It seems that everybody now accepts the truth about Hillsborough, as insisted upon by the campaigners for years and endorsed by the inquest jury last week. Which ought to raise the question: why then did everybody apparently go along with the cover-up of the truth for so long?

Front page of the next step, 28 April 1989

Of course, they didn’t. Many people saw through the lies about Hillsborough from the start. I was then the editor of a weekly newspaper called the next step, published by the Revolutionary Communist Party (both long deceased). In response to the Sun’s notorious front page about drunken, abusive fans, we published a front page under the same headline – ‘The Truth’ – which provided our own bullet-point version of events: ‘* Thatcher led the law-and-order drive which caged fans * Police treated dying fans as a public-order problem * Press liars abused the dead to cover up the truth.’ We did not claim any great powers of insight to reach these quick conclusions. It was a matter of being on the side of working-class football fans against the government and the police.

On the other side of that divide, some people saw The Truth differently, because it suited their own political perspective. The story published in the Sun – and reported elsewhere in the media, though under less provocative headlines – was not dreamt up out of thin air, but based on claims made by senior police officers and a local Conservative MP. The political establishment, state agents and their media allies sought to maintain a united front in putting their case against the crowd.

What has changed in the past 27 years is not the facts of what happened at Hillsborough, but the ability of the old political establishment to maintain its version of the truth. The collapse of coherence and solidarity within those circles became apparent during the inquest, as for example when barristers representing the Police Federation pressed former top cop Duckenfield into effectively admitting he was responsible for the deaths on the day. Now everybody from Tory ministers to police commissioners wants to blame others and talk about Hillsborough as if they are members of the Justice campaign. That should not lead the rest of us to forget that The Truth is often a politically expedient commodity.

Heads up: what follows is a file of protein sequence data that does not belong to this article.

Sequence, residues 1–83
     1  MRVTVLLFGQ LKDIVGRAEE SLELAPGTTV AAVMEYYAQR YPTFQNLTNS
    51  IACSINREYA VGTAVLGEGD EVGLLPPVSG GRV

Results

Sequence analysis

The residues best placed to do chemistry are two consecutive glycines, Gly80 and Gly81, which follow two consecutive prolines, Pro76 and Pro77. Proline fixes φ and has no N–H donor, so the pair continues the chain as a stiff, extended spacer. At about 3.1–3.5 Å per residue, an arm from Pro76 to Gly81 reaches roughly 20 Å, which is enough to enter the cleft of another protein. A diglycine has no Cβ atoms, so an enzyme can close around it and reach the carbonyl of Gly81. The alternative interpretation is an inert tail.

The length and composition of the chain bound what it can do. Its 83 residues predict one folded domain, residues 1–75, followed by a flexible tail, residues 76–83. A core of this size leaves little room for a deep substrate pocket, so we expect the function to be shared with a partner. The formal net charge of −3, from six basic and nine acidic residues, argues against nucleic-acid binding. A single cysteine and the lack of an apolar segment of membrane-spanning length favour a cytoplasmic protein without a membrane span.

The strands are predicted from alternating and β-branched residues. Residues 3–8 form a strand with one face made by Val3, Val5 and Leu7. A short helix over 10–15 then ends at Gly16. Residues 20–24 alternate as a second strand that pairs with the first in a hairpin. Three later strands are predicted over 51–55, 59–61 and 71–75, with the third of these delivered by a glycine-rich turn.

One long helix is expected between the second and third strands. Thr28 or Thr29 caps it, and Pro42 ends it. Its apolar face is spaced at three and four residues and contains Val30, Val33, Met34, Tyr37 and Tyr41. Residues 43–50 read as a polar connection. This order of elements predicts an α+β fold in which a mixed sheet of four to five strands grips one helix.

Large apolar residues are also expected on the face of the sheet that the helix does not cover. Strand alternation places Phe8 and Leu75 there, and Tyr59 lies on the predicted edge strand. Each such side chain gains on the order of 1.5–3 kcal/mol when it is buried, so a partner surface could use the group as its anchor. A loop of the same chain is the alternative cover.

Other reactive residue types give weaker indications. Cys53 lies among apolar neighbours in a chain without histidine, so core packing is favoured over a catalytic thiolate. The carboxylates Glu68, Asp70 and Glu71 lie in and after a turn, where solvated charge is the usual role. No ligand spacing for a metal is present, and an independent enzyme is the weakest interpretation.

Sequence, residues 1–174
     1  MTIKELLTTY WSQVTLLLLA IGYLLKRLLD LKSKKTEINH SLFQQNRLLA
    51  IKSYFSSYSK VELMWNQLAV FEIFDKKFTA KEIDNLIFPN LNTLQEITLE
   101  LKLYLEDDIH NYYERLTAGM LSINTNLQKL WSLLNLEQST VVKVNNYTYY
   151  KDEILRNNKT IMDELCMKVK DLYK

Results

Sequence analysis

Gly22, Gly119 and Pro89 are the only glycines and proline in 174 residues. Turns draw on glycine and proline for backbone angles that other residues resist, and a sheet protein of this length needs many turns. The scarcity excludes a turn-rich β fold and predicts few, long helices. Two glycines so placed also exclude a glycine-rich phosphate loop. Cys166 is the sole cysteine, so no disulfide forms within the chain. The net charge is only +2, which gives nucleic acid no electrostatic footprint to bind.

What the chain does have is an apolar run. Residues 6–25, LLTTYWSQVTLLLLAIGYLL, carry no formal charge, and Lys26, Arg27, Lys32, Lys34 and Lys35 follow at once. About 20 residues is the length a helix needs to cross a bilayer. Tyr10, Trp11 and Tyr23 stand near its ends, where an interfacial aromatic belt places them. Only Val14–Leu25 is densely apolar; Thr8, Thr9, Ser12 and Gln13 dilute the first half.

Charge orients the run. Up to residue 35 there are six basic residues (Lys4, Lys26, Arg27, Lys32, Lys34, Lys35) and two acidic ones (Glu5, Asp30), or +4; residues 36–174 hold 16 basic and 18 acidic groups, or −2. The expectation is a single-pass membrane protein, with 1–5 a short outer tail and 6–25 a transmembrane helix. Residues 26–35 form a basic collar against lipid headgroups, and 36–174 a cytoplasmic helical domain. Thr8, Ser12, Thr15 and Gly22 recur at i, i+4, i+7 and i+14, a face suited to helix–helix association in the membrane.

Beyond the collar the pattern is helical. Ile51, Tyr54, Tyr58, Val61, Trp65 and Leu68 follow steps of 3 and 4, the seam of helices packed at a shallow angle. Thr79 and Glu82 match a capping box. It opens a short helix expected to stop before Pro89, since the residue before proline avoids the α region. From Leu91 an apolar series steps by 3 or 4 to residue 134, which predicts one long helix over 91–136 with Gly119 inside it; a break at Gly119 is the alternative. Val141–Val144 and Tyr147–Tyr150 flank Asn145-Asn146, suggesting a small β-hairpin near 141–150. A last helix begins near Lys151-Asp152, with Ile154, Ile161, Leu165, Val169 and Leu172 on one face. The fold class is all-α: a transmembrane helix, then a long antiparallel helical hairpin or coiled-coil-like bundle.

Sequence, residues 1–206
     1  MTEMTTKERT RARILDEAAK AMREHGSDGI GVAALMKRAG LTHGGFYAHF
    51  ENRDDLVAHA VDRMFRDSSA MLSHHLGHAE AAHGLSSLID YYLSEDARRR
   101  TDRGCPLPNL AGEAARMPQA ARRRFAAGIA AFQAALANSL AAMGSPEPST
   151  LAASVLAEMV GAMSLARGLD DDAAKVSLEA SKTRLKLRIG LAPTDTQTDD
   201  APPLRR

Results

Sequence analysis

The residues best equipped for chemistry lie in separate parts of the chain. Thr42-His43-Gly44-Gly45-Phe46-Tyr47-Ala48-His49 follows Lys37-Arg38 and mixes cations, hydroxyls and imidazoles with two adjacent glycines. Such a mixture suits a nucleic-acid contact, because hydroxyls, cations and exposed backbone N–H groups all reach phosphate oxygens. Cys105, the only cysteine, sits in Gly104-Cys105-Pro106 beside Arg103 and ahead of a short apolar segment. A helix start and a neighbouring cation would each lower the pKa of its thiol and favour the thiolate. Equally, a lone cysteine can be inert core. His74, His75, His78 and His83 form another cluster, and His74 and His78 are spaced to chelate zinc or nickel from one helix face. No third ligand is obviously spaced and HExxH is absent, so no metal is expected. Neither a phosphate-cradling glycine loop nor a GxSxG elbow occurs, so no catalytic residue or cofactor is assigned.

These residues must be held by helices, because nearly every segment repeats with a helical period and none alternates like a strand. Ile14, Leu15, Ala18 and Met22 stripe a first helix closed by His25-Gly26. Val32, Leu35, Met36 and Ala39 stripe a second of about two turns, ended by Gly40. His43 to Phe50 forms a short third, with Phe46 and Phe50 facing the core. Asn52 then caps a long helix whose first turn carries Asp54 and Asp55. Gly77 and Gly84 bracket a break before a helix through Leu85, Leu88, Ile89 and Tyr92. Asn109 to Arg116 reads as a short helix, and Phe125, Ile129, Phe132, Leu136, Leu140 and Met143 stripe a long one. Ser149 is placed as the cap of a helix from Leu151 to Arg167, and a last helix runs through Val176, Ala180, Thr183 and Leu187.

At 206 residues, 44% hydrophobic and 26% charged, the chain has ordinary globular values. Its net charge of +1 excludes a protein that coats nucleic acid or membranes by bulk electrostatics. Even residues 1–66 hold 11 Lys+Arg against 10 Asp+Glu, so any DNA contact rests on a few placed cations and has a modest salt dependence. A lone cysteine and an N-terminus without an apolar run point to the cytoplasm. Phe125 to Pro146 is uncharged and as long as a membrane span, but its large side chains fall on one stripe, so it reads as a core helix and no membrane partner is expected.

4) The fan-bashing spirit of Hillsborough lives

The Hillsborough campaigners have been widely praised for keeping alive the spirit of the victims and the fans. Yet we should recognise that the other side of the spirit of Hillsborough – the contempt for working-class football fans – lives on, too.

Back then, supporters were often branded as hooligans, animals and scum; as one mid-Eighties newspaper famously described it, football was ‘a slum sport played in slum stadiums increasingly watched by slum people, who deter decent folk from turning up’. Nobody needs to pretend that there was no football hooliganism in the Eighties; we need only recall the often-forgotten disaster at Heysel, in which 32 Italians (and 7 others) died when a wall collapsed after they were charged by Liverpool fans before the 1985 European Cup final against Juventus. But that was no justification for the paramilitary policing of football crowds that led to Hillsborough.